BB’s jovial, carpe-diem songs often gain the most attention, and arguably rightly so, because few other artists can match their strength in this department. But never underestimate a classic ZBB sad song - the likes of ‘Highway 20 Ride’, ‘Colder Weather’ and ‘My Old Man’ are, in my opinion, some of the most moving and beautiful Country songs out there. The bluer side of The Comeback is found in tracks such as ‘Wild Palomino’, the sparse production of which really allows Zac’s vocals to shine - the second verse is virtually a cappella, making it all the more touching - and ‘Any Day Now’, which finds Zac in a familiar role as the ramblin’ man trying to make amends with a lost love. The title track also fits the bill. The song opens by focusing on a world stricken by the pandemic before hanging hopes on a positive future, with a ‘making lemonade from lemons’ sort of feel. The gospel choir really makes it for me and you can’t help but feel positive as they accompany Zac singing about making a better world for the next generations. I have to admit though, putting my negativity hat on, that this song was sort of unwelcome for me on the album. As great of a listen as it was, we’ve all spent the best part of two years hearing nothing but talk of the pandemic. I use music to escape and although the song was generally upbeat about the situation, I listen to Zac Brown to dream of wild horses, whiskey, barbecues and the simple life – I don’t really want to be reminded of Covid. I think it doesn’t help that it follows straight on from ‘Fun Having Fun’, which is just all about fun and letting go, to then suddenly get serious and start talking about Covid just brought me straight back down from my high when I was listening to the album all the way through.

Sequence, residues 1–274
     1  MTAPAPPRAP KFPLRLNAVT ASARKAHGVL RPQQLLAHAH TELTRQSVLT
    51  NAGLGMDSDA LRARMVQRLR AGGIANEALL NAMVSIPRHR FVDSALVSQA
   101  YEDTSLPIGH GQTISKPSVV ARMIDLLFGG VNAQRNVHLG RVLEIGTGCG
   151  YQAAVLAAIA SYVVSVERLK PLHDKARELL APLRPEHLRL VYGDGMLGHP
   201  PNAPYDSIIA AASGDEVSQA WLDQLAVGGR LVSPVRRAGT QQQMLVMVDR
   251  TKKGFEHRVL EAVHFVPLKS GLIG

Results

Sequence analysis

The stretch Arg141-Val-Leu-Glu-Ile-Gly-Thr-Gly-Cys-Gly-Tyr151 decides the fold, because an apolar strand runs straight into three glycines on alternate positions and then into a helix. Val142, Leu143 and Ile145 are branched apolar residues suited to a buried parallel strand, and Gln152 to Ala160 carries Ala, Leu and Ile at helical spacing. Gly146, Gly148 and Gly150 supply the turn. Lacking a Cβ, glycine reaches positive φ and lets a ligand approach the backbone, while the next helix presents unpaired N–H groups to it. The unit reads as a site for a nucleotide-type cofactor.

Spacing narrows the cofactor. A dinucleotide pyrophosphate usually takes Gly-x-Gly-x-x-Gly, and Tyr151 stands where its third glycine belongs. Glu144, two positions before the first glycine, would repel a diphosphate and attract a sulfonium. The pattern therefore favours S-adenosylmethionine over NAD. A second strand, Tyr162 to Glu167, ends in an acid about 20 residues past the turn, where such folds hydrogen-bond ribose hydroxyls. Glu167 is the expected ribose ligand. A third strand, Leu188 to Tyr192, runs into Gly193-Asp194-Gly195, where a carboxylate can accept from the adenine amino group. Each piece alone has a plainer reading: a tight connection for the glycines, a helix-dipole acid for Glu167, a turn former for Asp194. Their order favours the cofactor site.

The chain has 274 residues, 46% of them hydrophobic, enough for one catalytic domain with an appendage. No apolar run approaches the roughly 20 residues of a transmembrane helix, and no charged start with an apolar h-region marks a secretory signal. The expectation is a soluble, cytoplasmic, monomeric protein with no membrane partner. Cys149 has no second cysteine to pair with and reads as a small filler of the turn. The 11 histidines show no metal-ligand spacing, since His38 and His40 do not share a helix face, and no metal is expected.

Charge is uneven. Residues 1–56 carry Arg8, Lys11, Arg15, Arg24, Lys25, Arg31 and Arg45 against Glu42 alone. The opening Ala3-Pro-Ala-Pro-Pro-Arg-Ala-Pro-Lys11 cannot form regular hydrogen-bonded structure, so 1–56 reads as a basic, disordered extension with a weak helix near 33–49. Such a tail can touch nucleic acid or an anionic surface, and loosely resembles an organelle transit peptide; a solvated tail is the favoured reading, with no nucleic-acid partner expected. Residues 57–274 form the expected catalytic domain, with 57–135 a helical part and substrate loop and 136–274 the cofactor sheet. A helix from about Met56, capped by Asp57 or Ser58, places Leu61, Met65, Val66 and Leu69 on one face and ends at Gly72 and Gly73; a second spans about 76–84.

‘Paradise Lost on Me’ follows on and takes us back to that classic Zac Brown brand of escapism. This time, instead of the country lifestyle, we go for the holiday vibe. Margaritas and sandy beaches make up some of the idyllic holiday descriptions, before Zac gets all gushy and says that without the woman he loves it’s just ‘Paradise Lost on Me’. I like this song a lot. It’s chilled out, easy going, sweet and fun.
For some time now, it’s felt as though Zac has been at odds with his original fanbase, receiving flack for straying away from Country into other genres, such as on his EDM Sir Rosevelt project and his solo album. In turn, he has criticised those who try and pin him down into that ever-present ‘box’ that artists always seem to be trying to escape from. I think ZBB have covered so much musical ground since the ‘pure Country’ of The Foundation and You Get What You Give, that it would almost feel forced and superficial to try and return entirely to this when the group clearly have a different vision. The Comeback presents a perfect compromise, not ‘coming back’ wholeheartedly to their original sound, but giving us a good portion of that classic ZBB we all crave. Either way, it certainly returns them to their rightful pedestal at the top of Country music. The only issue is now I don’t know whether to book a holiday, hug my loved ones or set a haybarn on fire!!
Buy print editions of Mindful Melody Issue 11 below!